'Cold, callous and inhumane': UnitedHealthcare, Envision battle in federal court

UnitedHealthcare and Nashville-based Envision Healthcare have each filed a lawsuit against the other in a Tennessee federal court over a disagreement about payments for emergency care.

The two organizations have been out of network with each other since Dec. 31, 2020, after the two parties were unable to reach an agreement over reimbursement rates.

Envision Healthcare, a physician services company, sued UnitedHealthcare Sept. 8 for allegedly engaging in an unlawful scheme after the split to "enrich its overflowing coffers" by denying emergency room claims for its highest-acuity patients.

UnitedHealthcare sued Envision Sept. 9, claiming the company "deliberately upcoded thousands of claims" and deceived the payer into overpaying by millions of dollars for emergency care, starting Jan. 1, 2021.

"United's scheme to deny patient claims violates federal law," Envision Healthcare CEO Jim Rechtin said in a news release. "Improperly withholding payment from the very frontline clinicians who treated their members in their most acute time of need is, in my opinion, cold, callous and inhumane."

UnitedHealthcare said in its lawsuit it attempted to negotiate the issue with Envision by providing the company with a draft of the suit.

"Envision took United's confidential complaint … and quickly and quietly drafted its own complaint based on United's and filed it without warning in an effort to beat United to the courthouse," the lawsuit said. "Envision has now attempted to recast United as the villain."

Envision, a medical group that operates in 1,800 facilities across 45 states, filed another lawsuit against UnitedHealth Group in May accusing the healthcare giant of forcing physician groups out of network in an effort to recruit them to its subsidiary Optum.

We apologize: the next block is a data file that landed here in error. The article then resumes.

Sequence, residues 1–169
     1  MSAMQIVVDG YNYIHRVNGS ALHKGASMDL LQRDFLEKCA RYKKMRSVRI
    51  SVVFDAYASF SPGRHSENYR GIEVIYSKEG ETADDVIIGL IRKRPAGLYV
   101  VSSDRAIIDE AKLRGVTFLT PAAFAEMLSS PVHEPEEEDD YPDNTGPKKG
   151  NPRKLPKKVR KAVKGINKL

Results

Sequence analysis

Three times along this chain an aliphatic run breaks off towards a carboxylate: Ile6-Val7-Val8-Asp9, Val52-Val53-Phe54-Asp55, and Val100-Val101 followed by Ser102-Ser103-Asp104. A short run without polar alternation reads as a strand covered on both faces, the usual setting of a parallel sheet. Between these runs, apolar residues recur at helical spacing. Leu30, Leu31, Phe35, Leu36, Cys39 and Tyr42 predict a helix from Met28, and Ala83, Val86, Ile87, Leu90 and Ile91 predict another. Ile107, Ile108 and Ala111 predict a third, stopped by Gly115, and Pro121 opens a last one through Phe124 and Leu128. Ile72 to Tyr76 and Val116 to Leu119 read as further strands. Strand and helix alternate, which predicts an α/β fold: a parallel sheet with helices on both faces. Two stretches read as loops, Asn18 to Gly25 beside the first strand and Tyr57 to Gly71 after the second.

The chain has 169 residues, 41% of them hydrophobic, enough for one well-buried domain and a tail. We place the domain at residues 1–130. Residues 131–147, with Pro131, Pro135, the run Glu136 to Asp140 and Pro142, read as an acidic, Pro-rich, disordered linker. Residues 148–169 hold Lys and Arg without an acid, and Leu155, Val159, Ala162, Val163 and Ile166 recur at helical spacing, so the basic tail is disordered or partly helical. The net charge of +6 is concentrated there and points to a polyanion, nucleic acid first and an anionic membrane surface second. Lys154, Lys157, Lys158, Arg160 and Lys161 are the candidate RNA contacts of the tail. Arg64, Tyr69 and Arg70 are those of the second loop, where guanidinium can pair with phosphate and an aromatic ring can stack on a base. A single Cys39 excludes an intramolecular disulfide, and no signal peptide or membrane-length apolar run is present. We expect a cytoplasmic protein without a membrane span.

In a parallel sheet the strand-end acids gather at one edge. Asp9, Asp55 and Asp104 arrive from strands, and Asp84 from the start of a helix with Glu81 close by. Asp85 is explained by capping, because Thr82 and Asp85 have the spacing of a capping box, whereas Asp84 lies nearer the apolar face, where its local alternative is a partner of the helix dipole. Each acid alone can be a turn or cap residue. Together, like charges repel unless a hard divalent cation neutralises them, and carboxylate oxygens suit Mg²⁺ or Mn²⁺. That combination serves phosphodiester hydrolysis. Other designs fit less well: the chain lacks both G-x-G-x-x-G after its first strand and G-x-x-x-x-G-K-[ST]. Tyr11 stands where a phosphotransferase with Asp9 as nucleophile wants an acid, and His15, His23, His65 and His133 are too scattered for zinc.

In its Sept. 8 suit, Envision alleges the percentage of its commercial claims denied by the payer following the split rose from 18 percent to 48 percent of all claims. The denial rate for level five claims, which receive the largest reimbursement, rose to 60 percent, according to the suit.

In addition, the Envision lawsuit claims UnitedHealthcare "employed shadow public relations campaigns" against the medical group and staged an academic study at Yale in 2016 to serve its business interests and influence legislation in Congress.

The lawsuit does not specify how much Envision is seeking in damages, but it wants a jury trial and is seeking no less than $1 million. UnitedHealthcare also wants a jury trial and claims Envision is responsible for paying back three times the damages incurred upon United, though that amount will be determined at trial.

A similar situation is ongoing between UnitedHealthcare and another physician services company, TeamHealth.

In October 2021, UnitedHealthcare sued Las Vegas-based TeamHealth for allegedly upcoding claims to deceive the payer into overpaying a total of $100 million for emergency services.

But a jury ruled in December that UnitedHealthcare must pay $60 million in punitive damages after losing a lawsuit against TeamHealth over thousands of provider underpayments for emergency services.

Fremont Emergency Services, a subsidiary of TeamHealth, filed another lawsuit in July against UnitedHealthcare, accusing the payer of arbitrarily reducing payments to clinicians providing emergency care.

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